Bo, I hope you don't mind, but I posted some of your comments on another forum about synthetic oils, and a guy from the UK posted a nice response with some questions that nobody can seem to answer. I'm just curious as to your thoughts:
"In the UK there are three well-known 'fully synthetic' brands, Mobil 1, Castrol RS, and Shell Helix Ultra. Of these three Mobil 1 has the highest profile, with Castrol RS running close (Syntec is unknown here). Shell Helix Ultra is less well known and less widely distributed. This probably represents the relative marketing efforts (or budgets). Amsoil is not available in the UK as far as I know, but I think Valvoline and Redline my be if you look hard enough.
Mobil 1 for normal use is Tri-Synthetic 0W-40. Castrol RS, until a short time ago, was 10W-60. Apart from any other considerations, I did wonder what chemistry was used to give this oil such a wide viscosity rating. Now RS is 0W-40, just like Mobil 1. Helix Ultra was 5W-40, but this recently changed to 5W-30 (but with a kinematic viscosity of 12.1 cSt at 100 deg C, which makes it hovering on the 30/40 boundary).
I was aware that the carrier oil in Mobil 1 was mineral (why do they use so much of it - up to 20% - when the actual additive package is only 2-4% of the carrier, and why isn't the carrier synthetic?). I wasn't aware that one of the three base stocks in Mobil 1 - if I have interpreted these threads correctly - is also a mineral oil. Does anyone know the mineral to synthetic (including carrier oil) percentage is in Mobil 1? I have also read that Castrol switched from Mobil to Shell as a supplier of 'synthetic' base stocks in 1998, and that both Castrol and Shell use the hydrocracked (hydrocracked, hydroisomerised, slack wax stream, depending on who's telling the story) base stocks so are not really synthetic as we might like to call them. As for the less well known or cheaper brands, who knows?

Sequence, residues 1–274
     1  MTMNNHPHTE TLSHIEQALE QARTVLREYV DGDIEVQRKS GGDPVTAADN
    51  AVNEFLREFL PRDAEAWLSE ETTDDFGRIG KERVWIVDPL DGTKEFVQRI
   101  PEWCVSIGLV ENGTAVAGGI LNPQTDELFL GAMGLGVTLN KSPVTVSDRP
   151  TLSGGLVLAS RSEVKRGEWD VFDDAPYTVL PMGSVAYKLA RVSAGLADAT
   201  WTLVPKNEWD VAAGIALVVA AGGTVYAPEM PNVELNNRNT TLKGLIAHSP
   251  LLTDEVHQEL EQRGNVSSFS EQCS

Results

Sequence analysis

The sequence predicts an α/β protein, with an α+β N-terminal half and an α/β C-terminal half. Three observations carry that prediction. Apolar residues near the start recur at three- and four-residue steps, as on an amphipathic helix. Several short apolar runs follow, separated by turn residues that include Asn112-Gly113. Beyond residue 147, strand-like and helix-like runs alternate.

Oil and filter change intervals in the UK are, for recent cars, between 12,000 to 15,000 miles or yearly (and getting even longer). I run both my cars on a yearly change interval as neither now reaches the 12k interval. Shorter change intervals are not at all common, most people seem to follow the manufacturer's recommendations. I use Mobil 1 in both cars, particularly for its better cold start circulation and for its ability to retain in spec over longer mileages. I'm also a sucker for advertising. Whilst there are advantages in a yearly change, the downside is the astronomical price of the quality synthetics in the UK, at around £34 for 4 litres. As a litre is just over a US quart, this translates to around $13 a quart, tax paid. When I read of the $4 a quart paid in the US I begin to realise that someone is paying through the nose for this stuff.
On a personal note I think that these discussions and the technical details are extremely interesting. As for what oil to use, it's up to the individual to read all this stuff and then make a choice. I don't believe that anyone would see much difference between a high quality mineral or a high quality synthetic oil in normal use. Both types seem to be merging into blends anyway. I don't eat at a certain well-known food franchise because I disagree with it's philosophy and I can get better food elsewhere. Despite what might be seen as disingenuous motives from Mobil I'll continue to use Mobil 1 as there are few better oils available elsewhere."
2001 E430, Bourdeaux Red, Oyster interior.
1973 280SE 4.5, 170,000 miles. 568 Signal Red, Black MB Tex. "The Red Baron".